The title to this post is a bit provocative. There is, really, nothing admirable about total depravity. In fact, an honest look at this doctrine and our own participation in its reality should elicit shame, guilt, pain, and many other negative reactions but definitely not admiration.
Nevertheless, if you’re reading this post the titled worked and so now that you are here let me clarify. Total depravity is not something to admire, but God’s salvation of the totally depraved is. As you heard on Sunday if you were at West London Alliance Church for the sermon, the fact that God saves some people from their total depravity is reason to admire, adore, and applaud because the only explanation for this is grace.
Jonathan Edwards had a strong sense of this. Throughout the book On Knowing Christ, in more than a few sermons, Edwards reminds the reader of God’s goodness toward us in light of our badness toward him. In his sermon “Safety, Fulness, and Sweet Refreshment in Christ” he reflects, “We may see great reason to admire the goodness and grace of God to us in our low estate, that he has so provided for our help and relief.” One of his great reason to admire is the fact that our low estate, a position of being totally depraved, comes with being “plunged into all sorts of evil.”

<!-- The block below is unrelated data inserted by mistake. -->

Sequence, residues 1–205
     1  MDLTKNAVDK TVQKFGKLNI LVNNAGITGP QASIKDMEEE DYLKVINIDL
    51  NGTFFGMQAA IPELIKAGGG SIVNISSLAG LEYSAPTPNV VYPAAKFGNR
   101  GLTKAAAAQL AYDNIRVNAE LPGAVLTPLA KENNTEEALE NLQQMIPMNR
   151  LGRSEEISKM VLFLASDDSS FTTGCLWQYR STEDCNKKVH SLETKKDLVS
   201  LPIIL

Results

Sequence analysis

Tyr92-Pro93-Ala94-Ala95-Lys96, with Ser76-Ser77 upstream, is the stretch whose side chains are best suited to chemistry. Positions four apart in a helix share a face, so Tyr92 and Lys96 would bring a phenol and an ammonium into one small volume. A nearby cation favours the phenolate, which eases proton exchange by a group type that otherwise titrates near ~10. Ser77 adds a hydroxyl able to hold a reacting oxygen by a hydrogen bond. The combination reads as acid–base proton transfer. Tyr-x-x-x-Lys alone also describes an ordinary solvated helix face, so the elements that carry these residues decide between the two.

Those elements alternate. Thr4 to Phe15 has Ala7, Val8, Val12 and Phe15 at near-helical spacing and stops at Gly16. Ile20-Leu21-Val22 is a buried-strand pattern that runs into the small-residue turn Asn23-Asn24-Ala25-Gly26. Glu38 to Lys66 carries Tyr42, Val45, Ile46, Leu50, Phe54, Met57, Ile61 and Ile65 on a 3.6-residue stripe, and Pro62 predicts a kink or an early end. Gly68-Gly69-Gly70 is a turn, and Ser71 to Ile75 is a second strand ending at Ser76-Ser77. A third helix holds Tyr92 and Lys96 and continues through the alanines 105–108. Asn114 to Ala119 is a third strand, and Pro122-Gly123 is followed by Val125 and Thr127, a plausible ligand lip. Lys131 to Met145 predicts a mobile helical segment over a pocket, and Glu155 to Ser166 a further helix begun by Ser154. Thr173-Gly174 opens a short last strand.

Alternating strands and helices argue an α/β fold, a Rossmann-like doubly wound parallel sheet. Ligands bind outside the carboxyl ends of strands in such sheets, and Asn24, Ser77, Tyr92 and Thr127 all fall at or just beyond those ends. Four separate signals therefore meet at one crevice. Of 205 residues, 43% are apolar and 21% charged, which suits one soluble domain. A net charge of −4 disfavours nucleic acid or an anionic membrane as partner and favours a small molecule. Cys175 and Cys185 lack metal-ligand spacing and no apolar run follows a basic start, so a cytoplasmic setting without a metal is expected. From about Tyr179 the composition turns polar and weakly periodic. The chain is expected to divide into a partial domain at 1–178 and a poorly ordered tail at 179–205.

Edwards proceeds to list these evils which we have exposed ourselves to in our low estate, which include the wrath of God, vindictive justice, and terror of conscience. Additionally, our sin has made us needy creatures; spiritually naked, spiritually blind, and deprived of spiritual food. We have, by our sin and sinning, brought ourselves into a “dry and thirsty wilderness” where there are “outward troubles and afflictions.” Furthermore, we have “brought upon ourselves a miserable slavery and bondage” under Satan in order to be “tempted and buffeted by him.” It’s a pretty bleak situation. Which makes God’s grace to us in Christ all the more beautiful, sweet, and glorious.
Edwards notes this stating, “We should admire the love of Christ to men, that he has thus given himself to be the remedy for all their evil, and a fountain of all good. Modern thought would tell us that we do ourselves a disservice by even admitting our badness let alone really thinking hard about it. But I counter, with the likes of Edwards in my corner, that in fact a non-recoiling, purposeful evaluation of who we were before God saved us, and what we exposed ourselves to in that condition, we can only benefit since it leads us to a grander view of our redemption in Jesus Christ.
So in that sense, let’s admire total depravity.